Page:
The major hyperscalers and cloud providers are forecast to spend 25 percent more on datacenter infrastructure this year to $18 billion following record investments in the opening three months of 2022.

    This is according to Dell’Oro Group research, which found new cloud deployments and higher per-unit infrastructure costs underpinned capex spending in Q1, which grew at its fastest pace in nearly three years, the report found.

    Datacenter spending is expected to receive an additional boost later this year as the top four cloud providers expand their services to as many as 30 new regions and memory prices trend upward ahead of Intel and AMD’s next-gen processor families, Dell’Oro analyst Baron Fung told The Register

    Continue reading
  • Oracle cloud growth up 19% but it's still a market minnow
    Acquisition of health data specialist Cerner adds $15.8b to Big Red's debt

    Oracle has impressed the markets with strong revenue growth for cloud infrastructure and applications-as-a-service.

    However, Oracle is still struggling to gain a larger share of the global cloud market, where it lags behind AWS, Microsoft Azure, and Google Cloud.

    Big Red's total revenue for Q4, which ended May 31, hit $11.8 billion, up 5 per cent on the same period a year ago. Total cloud revenue, including infrastructure and software-as-a-service, reached $2.9 billion, up 19 percent. Cloud ERP Fusion revenue increased 20 percent while NetSuite ERP cloud revenue grew 27 per cent.

    Continue reading
  • AWS sent edgy appliance to the ISS and it worked – just like all the other computers up there
    Congrats, AWS, you’ve boldly gone where the Raspberry Pi has already been

    Amazon Web Services has proudly revealed that the first completely private expedition to the International Space Station carried one of its Snowcone storage appliances, and that the device worked as advertised.

    The Snowcone is a rugged shoebox-sized unit packed full of disk drives – specifically 14 terabytes of solid-state disk – a pair of VCPUs and 4GB of RAM. The latter two components mean the Snowcone can run either EC2 instances or apps written with AWS’s Greengrass IoT product. In either case, the idea is that you take a Snowcone into out-of-the-way places where connectivity is limited, collect data in situ and do some pre-processing on location. Once you return to a location where bandwidth is plentiful, it's assumed you'll upload the contents of a Snowcone into AWS and do real work on it there.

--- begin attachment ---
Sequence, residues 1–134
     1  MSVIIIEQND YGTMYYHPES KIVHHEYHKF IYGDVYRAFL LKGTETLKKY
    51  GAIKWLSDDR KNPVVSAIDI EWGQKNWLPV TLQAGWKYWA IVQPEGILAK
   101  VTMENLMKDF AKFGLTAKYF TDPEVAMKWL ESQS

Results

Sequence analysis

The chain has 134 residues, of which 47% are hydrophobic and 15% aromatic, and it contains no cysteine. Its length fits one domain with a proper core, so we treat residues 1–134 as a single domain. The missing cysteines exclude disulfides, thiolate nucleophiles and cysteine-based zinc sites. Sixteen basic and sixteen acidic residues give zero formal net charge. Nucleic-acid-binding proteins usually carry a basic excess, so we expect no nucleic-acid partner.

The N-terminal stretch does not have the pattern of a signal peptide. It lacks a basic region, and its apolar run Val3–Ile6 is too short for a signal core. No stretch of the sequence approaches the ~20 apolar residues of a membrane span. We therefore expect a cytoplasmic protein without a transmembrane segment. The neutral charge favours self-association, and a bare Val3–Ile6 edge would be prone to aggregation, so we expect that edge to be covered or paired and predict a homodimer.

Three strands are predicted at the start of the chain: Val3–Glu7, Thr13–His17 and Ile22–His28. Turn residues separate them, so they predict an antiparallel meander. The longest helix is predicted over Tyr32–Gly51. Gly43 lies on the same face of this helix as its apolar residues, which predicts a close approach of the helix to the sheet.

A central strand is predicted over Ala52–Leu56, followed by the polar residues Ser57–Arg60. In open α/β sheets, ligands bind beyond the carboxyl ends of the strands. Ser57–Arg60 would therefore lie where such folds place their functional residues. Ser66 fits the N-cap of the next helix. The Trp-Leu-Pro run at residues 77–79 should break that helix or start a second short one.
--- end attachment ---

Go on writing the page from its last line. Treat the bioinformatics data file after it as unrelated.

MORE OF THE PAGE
Continue reading
  • AWS buys before it tries with quantum networking center
    Fundamental problems of qubit physics aside, the cloud giant thinks it can help

    Nothing in the quantum hardware world is fully cooked yet, but quantum computing is quite a bit further along than quantum networking – an esoteric but potentially significant technology area, particularly for ultra-secure transactions. Amazon Web Services is among those working to bring quantum connectivity from the lab to the real world. 

    Short of developing its own quantum processors, AWS has created an ecosystem around existing quantum devices and tools via its Braket (no, that's not a typo) service. While these bits and pieces focus on compute, the tech giant has turned its gaze to quantum networking.

    Alongside its Center for Quantum Computing, which it launched in late 2021, AWS has announced the launch of its Center for Quantum Networking. The latter is grandly working to solve "fundamental scientific and engineering challenges and to develop new hardware, software, and applications for quantum networks," the internet souk declared.

    Continue reading

Biting the hand that feeds IT © 1998–2022